Other Committees Met to Consider Legislation of Interest to Banking

With 38 committees in the House and 28 in the Senate, monitoring all the goings on at the committee level is a monumental task primarily because almost all in some way consider legislation that could affect the banking industry. This week, several bills we’ve been monitoring were the subject of hearings; and in most cases, the bills were reported to the respective Rules Committees in each body that decides whether a bill goes to the floor for consideration. Here’s a list of a few bills we’re monitoring that received committee attention this week:
Garnishment. The Senate Judiciary Committee has reported SB 194 by Sen. Jesse Stone (R-Waynesboro), legislation designed to further refine Georgia’s garnishment statute that was substantially revised last session. Our thanks to Adam Cleveland from GBA associate member law firm Thompson, O’Brien, Kemp & Nasuti, P.C., for his work with an ongoing task force that made the recommendations contained in the bill and testified in support of it. GBA supports the bill.
Tax Lien Registry. The House Ways and Means Committee reported HB 337 by Rep. Bruce Williamson (R-Monroe). The bill creates a new statewide tax lien registry and was requested by the Georgia Department of Revenue. GBA is monitoring the bill.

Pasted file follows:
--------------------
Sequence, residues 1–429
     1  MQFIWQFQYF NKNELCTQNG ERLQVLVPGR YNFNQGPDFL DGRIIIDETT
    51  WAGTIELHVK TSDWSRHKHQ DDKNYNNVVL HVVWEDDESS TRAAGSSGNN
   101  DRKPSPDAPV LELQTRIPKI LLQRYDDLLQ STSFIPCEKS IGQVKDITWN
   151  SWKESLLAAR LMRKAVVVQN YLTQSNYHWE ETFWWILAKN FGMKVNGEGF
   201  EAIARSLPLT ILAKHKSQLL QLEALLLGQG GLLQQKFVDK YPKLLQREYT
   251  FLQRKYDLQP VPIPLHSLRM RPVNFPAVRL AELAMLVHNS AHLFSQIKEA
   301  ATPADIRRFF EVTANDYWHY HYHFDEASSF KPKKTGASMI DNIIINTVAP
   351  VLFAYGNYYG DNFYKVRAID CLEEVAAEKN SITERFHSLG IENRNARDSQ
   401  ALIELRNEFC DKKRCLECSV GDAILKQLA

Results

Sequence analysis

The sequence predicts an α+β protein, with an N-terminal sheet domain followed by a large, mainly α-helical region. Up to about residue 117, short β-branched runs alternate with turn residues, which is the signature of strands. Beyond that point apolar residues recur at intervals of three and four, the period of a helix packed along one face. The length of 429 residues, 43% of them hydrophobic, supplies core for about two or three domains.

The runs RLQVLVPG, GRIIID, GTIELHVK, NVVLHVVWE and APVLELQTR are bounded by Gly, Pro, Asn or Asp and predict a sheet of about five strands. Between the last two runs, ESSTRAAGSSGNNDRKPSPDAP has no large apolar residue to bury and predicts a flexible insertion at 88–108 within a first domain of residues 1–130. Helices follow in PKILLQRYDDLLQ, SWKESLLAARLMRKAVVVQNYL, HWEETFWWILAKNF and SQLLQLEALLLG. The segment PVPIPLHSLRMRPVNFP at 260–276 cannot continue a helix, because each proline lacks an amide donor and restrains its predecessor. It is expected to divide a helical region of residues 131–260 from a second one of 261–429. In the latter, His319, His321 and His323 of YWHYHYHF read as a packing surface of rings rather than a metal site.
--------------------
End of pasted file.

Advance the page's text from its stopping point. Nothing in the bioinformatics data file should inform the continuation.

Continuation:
Boat Titling. The House Ways and Means Committee reported HB 357 by Rep. Ron Stephens (R-Savannah) that would create a titling process for boats and other watercraft. The Department of Natural Resources is tasked with the titling process. GBA supports the bill.
Power of Attorney. The House Judiciary Committee reported HB 221 by Rep. Chuck Efstration (R-Dacula) that is essentially a rewrite of the current power of attorney statute. Our thanks to Rep. Efstration for making a number of changes we recommended in the legislation. We expect the bill to continue to be perfected when it’s considered by the Senate.
Industrial Loan Act – Contracts. The Senate Banking Committee held a hearing but took no further action on SB 198 by Sen. Elena Parent (D-Atlanta), a bill that prohibits Georgia Industrial Loan Act licensees from using instruments like checks to create contracts under certain circumstances. GBA is monitoring the bill.
Installment Loan Pawn Transactions. A subcommittee of the House Regulated Industries amended and reported HB 353 by Rep. Brett Harrell (R-Snellville), a bill that creates a new opportunity for pawn transactions to be handled as installment loans. GBA is monitoring the bill.
State Income Tax. The House Ways and Means Committee reported HB 329 by Rep. Jay Powell (R-Camilla) that would reduce the state income tax rate to 5.5 percent. GBA is monitoring the bill.
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Floor Votes Send Two Bills to Other Chamber

Two bills GBA is monitoring received floor action this week: